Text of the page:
Airline, travel groups urge Biden administration to move toward lifting restrictions on international travelers

© Shutterstock

A group of air and travel industry stakeholders is calling on the Biden administration to begin implementing risk-based, data-driven public health measures in a move toward lifting restrictions on inbound international travelers.

In their March 22 letter to the White House COVID-19 Response Team Coordinator Jeffrey Zients, the more than two dozen groups asked the administration to work with them to develop new plans by May 1.

“By developing clear metrics, benchmarks, and a timeline for rescinding entry restrictions on international travelers, the COVID-19 response team can: maintain strong risk-based protections against the spread of COVID-19 and importation of new variants; encourage business and leisure travelers to prepare for and comply with requirement for a safe reopening of inbound and outbound international travel by the summer of 2021; and accelerate rehiring and economic recovery in the travel and aviation industries,” the groups wrote.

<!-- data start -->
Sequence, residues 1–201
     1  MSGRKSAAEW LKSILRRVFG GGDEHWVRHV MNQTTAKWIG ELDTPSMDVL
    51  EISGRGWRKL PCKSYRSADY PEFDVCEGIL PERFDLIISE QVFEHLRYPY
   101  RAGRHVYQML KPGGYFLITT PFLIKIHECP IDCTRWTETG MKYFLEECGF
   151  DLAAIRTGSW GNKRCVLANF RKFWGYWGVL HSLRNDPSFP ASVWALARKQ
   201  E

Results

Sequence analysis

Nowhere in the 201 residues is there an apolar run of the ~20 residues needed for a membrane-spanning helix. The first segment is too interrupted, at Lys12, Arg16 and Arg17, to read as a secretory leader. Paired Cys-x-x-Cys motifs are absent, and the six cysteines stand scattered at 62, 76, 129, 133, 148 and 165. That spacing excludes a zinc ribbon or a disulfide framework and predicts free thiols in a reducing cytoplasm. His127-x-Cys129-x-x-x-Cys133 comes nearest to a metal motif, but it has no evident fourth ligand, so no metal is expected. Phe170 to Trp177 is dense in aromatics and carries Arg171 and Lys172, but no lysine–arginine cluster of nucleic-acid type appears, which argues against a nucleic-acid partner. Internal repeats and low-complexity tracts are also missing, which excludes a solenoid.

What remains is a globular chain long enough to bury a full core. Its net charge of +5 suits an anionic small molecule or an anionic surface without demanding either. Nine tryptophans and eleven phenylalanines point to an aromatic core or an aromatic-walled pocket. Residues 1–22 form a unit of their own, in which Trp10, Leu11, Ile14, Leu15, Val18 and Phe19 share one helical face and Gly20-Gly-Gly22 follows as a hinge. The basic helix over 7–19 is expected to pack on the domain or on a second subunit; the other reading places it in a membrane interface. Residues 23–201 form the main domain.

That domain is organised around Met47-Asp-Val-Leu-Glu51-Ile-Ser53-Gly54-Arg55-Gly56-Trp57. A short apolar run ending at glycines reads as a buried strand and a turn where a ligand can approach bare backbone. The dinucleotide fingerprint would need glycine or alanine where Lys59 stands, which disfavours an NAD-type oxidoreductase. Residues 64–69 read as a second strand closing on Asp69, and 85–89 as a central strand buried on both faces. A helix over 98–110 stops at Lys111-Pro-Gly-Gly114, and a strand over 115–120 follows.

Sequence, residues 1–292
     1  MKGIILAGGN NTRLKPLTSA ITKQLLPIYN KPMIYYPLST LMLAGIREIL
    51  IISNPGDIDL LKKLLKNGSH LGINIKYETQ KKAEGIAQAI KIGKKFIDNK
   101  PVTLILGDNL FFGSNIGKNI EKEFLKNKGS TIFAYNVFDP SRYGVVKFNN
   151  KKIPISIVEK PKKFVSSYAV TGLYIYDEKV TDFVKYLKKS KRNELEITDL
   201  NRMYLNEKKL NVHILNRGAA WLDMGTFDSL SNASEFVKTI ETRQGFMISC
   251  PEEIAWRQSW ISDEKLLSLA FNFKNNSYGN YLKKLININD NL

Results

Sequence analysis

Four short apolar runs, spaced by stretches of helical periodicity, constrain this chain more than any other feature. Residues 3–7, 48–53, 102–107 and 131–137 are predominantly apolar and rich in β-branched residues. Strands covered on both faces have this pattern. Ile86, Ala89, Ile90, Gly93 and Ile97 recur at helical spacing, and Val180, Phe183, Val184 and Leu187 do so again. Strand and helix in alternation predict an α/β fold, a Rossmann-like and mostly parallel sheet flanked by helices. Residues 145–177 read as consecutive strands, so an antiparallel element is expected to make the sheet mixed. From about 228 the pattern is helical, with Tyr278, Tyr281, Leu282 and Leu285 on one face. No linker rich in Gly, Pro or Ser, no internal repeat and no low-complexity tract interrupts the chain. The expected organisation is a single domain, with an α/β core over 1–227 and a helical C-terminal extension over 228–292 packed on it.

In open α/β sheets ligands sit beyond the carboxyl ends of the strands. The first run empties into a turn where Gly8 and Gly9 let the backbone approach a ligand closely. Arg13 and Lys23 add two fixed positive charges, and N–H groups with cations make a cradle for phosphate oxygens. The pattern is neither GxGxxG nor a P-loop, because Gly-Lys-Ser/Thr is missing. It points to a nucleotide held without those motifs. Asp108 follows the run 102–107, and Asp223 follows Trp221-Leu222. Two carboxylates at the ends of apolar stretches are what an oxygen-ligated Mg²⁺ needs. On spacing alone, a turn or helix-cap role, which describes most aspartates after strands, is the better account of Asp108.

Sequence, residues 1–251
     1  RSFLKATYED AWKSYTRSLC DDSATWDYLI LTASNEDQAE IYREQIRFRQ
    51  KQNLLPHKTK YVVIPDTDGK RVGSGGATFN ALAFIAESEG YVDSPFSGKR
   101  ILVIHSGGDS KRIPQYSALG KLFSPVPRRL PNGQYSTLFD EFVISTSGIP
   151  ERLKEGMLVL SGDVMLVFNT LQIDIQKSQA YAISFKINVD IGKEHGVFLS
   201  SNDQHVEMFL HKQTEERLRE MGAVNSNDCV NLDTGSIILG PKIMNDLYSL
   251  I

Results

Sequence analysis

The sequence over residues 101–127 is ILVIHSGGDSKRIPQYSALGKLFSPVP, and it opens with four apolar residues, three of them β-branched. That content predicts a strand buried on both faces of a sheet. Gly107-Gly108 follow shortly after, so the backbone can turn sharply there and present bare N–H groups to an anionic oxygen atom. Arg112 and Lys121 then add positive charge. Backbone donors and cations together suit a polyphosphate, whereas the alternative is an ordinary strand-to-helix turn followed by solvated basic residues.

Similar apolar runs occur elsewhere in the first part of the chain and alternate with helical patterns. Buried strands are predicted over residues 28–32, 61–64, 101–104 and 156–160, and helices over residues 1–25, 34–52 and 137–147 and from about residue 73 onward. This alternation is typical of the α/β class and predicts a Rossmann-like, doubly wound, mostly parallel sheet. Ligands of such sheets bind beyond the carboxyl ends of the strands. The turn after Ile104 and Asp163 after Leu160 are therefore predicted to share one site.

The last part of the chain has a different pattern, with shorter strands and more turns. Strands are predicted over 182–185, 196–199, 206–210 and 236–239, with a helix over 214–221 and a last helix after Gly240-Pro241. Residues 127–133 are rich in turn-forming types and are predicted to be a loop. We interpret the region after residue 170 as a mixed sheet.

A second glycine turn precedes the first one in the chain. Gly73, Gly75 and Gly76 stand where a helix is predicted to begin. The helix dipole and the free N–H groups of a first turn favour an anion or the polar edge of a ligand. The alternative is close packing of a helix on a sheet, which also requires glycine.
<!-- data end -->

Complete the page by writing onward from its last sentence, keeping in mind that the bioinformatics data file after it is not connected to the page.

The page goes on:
With new cases of COVID-19 falling, as well as new hospitalizations and new deaths, and with vaccinations rising, the group argued that the risk of contracting COVID-19 while flying was low. The group said it did not want to lift many of the measures put in place to mitigate risk but to change some restrictions on international travelers.

“To be clear, at this time, we do not support removal or easing of core public health protections, such as the universal mask mandate, inbound international testing requirement, physical distancing, or other measures that have made travel safer and reduced transmission of the virus,” the group wrote. “However, the data and science demonstrate that the right public health measures are now in place to effectively mitigate risk and allow for the safe removal of entry restrictions.”

The group advocated maintaining the inbound international traveler testing mandate; exempting vaccinated individuals from the international testing requirements while avoiding vaccine requirements as a prerequisite to travel; and developing COVID-19 health credentials (CHCs).